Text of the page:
What is the significance of this year’s award for you? What kind of strength will it give you for the future?

I am very touched and thankful. For me and the Mondo Global School, this award means that our efforts to support educators from Ukraine have been recognised – this gives us strength and ensures us that their contribution in this field is important, supporting integration and mutual understanding.

There are nearly 8,500 Ukrainian refugee students learning in Estonian schools and kindergartens. The educational pathway of these children must not be interrupted, but the addition of refugees in such a capacity is a major challenge for the local teachers. Ukrainian educators play an important role here in assisting the learners in adapting to the new environment and learning meaningfully. Through teacher trainings, the students will gain better access to the methods applied in Estonian schools, such as active learning, as well as to finding common values with their class- and schoolmates. The MUA has also organised art therapy and other lessons, UN hikes, and opportunities to participate in Mondo’s youth contests for students. We wish to continue offering as meaningful and supportive a programme as possible.

Who are the people who have helped and inspired you in your work this year and in general?

We are thankful to the educational foundation Heateo Haridusfond, which helped us launch the first season of the programme, to be then continued with the help of the UN Refugee Agency UNHCR and the US Embassy. We have been helped the most and I have been personally most inspired by teacher Hanna from Ukraine, who works at the Old Town Educational College as a teacher for Ukrainian children. She contributes towards the MUA as a community coordinator and helps to develop activities that would be most valuable to educators from Ukraine.

How do you evaluate your work today and how do you intend to proceed in the future?

The journey has not been easy, but we definitely want to continue and offer opportunities for experts who have fled to Estonia from the war in Ukraine to work in their area of expertise and make use of their strengths here. We hope that this will be beneficial for the young Ukrainians, the educators themselves, as well as the entire educational system and Estonia as a whole.

 Things do not always go according to plan. What kind of recommendations would you give to other people for such moments? How to stay inspired in the face of difficulties?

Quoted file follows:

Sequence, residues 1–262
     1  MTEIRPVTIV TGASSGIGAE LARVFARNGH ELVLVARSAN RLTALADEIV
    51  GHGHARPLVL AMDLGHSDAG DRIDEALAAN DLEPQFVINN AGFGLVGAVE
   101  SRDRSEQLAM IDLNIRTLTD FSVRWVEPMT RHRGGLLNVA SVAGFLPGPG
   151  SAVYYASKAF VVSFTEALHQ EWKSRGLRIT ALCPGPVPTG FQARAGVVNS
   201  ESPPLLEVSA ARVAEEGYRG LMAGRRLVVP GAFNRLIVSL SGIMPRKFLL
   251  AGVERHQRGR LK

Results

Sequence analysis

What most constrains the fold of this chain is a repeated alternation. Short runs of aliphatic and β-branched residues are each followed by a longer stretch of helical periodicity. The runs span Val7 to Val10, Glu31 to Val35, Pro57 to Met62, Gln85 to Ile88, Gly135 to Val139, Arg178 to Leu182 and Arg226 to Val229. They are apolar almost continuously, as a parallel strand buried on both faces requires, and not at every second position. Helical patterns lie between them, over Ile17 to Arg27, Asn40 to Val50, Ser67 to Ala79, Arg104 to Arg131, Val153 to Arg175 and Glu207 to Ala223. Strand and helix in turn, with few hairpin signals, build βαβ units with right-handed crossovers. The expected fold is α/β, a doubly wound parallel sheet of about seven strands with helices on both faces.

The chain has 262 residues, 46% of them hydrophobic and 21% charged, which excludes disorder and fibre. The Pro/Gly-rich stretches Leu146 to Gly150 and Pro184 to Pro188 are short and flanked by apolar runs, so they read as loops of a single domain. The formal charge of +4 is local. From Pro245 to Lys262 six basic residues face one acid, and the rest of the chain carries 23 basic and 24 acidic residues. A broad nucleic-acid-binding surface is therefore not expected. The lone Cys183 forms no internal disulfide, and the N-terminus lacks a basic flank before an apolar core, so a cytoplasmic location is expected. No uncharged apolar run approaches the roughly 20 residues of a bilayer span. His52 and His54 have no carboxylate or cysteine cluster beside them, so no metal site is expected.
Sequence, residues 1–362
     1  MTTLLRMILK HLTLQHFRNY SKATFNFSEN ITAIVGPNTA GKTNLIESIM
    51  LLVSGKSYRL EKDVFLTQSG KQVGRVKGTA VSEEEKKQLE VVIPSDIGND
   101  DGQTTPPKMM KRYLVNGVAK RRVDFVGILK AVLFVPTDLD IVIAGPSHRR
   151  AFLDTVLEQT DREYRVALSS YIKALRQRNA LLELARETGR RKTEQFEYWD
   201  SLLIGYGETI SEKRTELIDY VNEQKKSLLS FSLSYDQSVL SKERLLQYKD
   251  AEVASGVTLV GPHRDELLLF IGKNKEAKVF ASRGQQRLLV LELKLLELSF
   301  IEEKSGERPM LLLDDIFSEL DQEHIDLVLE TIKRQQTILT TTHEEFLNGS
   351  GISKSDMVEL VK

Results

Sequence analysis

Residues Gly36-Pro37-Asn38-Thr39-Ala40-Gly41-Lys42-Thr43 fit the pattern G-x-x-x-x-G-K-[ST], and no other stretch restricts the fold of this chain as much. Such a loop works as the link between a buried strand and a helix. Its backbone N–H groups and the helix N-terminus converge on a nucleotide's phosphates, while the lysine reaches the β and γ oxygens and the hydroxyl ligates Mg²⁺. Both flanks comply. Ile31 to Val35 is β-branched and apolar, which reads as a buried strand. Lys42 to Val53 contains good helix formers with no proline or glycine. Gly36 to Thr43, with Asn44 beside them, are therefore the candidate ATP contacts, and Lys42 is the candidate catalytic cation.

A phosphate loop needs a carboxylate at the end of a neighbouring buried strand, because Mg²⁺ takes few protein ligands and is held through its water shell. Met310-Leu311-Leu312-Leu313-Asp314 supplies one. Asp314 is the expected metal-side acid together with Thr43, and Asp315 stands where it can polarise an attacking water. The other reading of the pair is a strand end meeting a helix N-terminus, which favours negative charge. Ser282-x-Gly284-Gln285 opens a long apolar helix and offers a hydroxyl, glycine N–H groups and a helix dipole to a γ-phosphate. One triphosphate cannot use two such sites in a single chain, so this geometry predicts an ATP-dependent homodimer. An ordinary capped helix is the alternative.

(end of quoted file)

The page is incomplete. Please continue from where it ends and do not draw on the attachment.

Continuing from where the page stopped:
During difficult moments, I advise to stay flexible, learn from your failures, be there for your team, and consciously create positive moments. The experience with the Mondo Ukrainian Academy has shown us the importance of adapting and finding alternative solutions – we try to develop our programme on the go according to the needs of the teachers, which demands continuous listening and conscious observation. We view challenges as opportunities for growth and learning and stay motivated by setting realistic goals.

The most important things are a positive attitude and courageous initiative. As much as we can, we try to practice appreciative discovery – meaning that we resolve challenges, but also feel gratitude and celebrate things that are already working.

Next year will be dedicated to cultural diversity. What does cultural diversity mean to you personally and where is it expressed in Estonia?

For me, cultural diversity means richness stemming from different cultural elements, traditions, languages, and ways of expression which all enrich our society. In Estonia, cultural diversity is expressed in multiple ways – for example, it encompasses our rich cultural heritage, language diversity, art, music, food culture, and many other things.

Most importantly, cultural diversity is expressed in the joint activity of different communities and ethnic groups, where different people contribute with their perspectives and traditions for the enrichment of society. I think that a culturally rich Estonia could be defined as a diverse and open society that values differences and sees cultural diversity as an asset, not an obstacle.